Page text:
Google aims for pole position as Title II trench warfare escalates in the US
In an interesting twist in the US net neutrality debate, Google has highlighted the possible pro-competitive aspects of classifying Internet Access under ‘common carrier’ regulations: that it will give ISPs access to utility poles and other infrastructure upon which they may build competitive services. The ‘Cookie Monster’ has written to the FCC to urge that the privilege be extended to ISPs as part and parcel of any reclassification.
The Google opinion stands in stark contrast to the line held with increasing ferocity by the big US telcos and their supporters in Congress who see Title II as a doomsday scenario which will forever tie operators in red tape and unwelcome restrictions.
That Google is highlighting this aspect is significant partly because the pro-neutrality camp was increasingly worried over its lack of visibility in the net neutrality debate. Did it mean the Cookie Monster was preparing to make a U-turn as the balance of advantage begins to swing? As it is sitting pretty and dominant in at the top of the online advertising market, perhaps it was ready to shore up its position through priority and co-marketing deals with ISPs? Or maybe the reality of owning and operating its own city networks had precipitated a damascene conversion to non-neutrality?
In fact Google had almost certainly decided it could do the pro-neutrality cause most good by adopting a low, non-strident profile to avoid giving credence to the line that net neutrality is just a Google & Co invention (a line much pushed in Europe where Google has managed to become a corporate villain).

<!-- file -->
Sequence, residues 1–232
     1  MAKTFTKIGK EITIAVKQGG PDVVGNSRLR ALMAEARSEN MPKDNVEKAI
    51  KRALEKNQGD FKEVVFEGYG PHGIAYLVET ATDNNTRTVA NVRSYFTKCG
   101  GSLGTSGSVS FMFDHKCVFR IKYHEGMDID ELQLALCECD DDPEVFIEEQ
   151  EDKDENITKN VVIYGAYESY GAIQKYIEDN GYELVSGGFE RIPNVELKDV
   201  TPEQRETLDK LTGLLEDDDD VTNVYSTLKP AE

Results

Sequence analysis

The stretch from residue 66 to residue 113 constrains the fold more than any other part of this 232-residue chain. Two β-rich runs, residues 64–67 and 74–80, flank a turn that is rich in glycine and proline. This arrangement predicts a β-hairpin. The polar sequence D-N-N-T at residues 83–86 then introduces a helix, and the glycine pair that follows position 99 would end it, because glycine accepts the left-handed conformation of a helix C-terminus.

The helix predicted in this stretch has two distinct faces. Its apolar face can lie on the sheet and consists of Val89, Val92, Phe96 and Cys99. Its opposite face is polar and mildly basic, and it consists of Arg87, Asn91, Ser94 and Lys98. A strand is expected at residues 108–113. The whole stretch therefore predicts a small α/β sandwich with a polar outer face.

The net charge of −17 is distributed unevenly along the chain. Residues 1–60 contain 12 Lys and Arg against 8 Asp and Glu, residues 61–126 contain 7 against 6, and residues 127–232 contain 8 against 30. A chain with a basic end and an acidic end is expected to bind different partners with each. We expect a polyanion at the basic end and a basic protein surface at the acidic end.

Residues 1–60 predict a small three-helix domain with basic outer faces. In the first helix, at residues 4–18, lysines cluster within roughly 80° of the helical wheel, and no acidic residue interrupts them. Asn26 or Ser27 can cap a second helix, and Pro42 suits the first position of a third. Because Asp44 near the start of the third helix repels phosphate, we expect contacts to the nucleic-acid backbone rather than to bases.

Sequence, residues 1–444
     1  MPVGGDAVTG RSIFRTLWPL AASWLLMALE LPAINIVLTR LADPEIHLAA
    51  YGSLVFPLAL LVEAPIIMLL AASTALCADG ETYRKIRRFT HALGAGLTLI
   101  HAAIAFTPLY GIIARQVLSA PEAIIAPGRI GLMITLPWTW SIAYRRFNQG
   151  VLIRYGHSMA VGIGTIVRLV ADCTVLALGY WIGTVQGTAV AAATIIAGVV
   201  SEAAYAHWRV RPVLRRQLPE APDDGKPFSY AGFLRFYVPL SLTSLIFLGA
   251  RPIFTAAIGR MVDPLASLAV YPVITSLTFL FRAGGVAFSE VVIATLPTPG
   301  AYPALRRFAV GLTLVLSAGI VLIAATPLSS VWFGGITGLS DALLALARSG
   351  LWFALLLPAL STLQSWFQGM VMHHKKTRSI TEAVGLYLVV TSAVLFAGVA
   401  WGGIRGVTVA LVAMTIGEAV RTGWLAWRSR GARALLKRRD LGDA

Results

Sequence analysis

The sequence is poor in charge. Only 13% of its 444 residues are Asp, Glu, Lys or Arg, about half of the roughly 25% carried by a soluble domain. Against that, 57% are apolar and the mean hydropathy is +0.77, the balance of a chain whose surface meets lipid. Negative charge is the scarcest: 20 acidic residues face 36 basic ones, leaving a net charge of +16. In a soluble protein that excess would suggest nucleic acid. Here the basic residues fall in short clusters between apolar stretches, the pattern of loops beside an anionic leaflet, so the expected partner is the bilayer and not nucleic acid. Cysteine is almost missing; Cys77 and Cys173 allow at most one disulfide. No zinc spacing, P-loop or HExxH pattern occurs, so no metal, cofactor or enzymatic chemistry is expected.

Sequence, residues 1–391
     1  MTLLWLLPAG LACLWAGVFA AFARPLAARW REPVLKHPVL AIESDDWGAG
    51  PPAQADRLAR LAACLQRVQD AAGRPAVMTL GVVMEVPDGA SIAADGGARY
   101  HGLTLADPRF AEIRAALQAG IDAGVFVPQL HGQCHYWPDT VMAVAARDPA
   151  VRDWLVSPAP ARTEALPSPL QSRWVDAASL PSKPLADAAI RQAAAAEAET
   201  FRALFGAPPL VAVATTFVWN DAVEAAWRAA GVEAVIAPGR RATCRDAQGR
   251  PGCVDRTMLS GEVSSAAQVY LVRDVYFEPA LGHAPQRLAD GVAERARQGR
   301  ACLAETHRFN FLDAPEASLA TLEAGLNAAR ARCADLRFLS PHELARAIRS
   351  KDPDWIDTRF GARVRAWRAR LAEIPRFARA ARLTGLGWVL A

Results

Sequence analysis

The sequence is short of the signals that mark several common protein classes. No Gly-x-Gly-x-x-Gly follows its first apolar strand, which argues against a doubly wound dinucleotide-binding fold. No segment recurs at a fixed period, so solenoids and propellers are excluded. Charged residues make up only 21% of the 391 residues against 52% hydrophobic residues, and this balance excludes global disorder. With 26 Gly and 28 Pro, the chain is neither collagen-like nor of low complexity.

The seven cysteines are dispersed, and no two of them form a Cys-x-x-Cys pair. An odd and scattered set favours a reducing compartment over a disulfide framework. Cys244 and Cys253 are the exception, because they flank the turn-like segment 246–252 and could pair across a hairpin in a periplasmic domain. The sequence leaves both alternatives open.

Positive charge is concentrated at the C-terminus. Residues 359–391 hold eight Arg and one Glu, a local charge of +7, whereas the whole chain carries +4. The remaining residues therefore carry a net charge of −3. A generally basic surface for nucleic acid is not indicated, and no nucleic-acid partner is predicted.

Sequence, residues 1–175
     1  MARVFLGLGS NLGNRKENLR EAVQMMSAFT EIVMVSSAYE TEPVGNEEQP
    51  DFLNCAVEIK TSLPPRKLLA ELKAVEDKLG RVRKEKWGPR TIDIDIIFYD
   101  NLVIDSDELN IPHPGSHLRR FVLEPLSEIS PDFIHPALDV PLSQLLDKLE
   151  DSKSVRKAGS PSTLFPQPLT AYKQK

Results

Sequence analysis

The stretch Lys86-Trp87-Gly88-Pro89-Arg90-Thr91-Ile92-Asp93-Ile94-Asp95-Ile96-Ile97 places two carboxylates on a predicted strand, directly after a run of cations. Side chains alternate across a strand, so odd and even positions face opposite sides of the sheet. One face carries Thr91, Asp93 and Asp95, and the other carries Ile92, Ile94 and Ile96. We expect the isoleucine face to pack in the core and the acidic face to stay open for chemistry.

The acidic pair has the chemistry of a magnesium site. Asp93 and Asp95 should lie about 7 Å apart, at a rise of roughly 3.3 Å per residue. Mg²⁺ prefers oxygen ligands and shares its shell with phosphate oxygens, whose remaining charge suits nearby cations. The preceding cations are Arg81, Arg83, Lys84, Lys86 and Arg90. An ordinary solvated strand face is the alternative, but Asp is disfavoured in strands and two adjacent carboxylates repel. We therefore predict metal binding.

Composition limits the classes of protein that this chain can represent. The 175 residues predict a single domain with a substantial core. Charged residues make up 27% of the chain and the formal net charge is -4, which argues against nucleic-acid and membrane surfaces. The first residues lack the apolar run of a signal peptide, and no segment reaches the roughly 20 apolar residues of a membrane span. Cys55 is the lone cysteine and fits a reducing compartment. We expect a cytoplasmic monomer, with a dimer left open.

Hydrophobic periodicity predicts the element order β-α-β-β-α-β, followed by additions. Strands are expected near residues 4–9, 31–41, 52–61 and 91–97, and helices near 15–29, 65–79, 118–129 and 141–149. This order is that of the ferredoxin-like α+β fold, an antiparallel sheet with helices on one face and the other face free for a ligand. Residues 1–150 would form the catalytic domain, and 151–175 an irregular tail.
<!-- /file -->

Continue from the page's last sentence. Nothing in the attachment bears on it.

It now appears that Google is actually (but quietly) lobbying hard for the US telco/ISP nightmare - Title II classification for broadband which should give the FCC the power to cherry-pick from a whole range of powers (applying forbearance to the restrictions and requirements it finds inappropriate).
In a letter to the FCC Google says that Google Fiber would benefit greatly from Title II if it gave it access to utility poles and other essential infrastructure owned by utilities. The likes of Comcast and AT&T have access to utility poles by right but Google Fibre has not (it chose not to offer regulated telephone services across its infrastructure). As a result it has run into problems and extra costs when trying to negotiate access to existing facilities as it’s build out its city networks (fancy that!).
The FCC, it says, should ensure that pole access for ISPs comes along with Title II as this would further lower costs for itself and other data-only fibre network providers who currently spend a lot of money digging trenches, it claims.
Stay up to date with the latest industry developments: sign up to receive TelecomTV's top news and videos plus exclusive subscriber-only content direct to your inbox – including our daily news briefing and weekly wrap.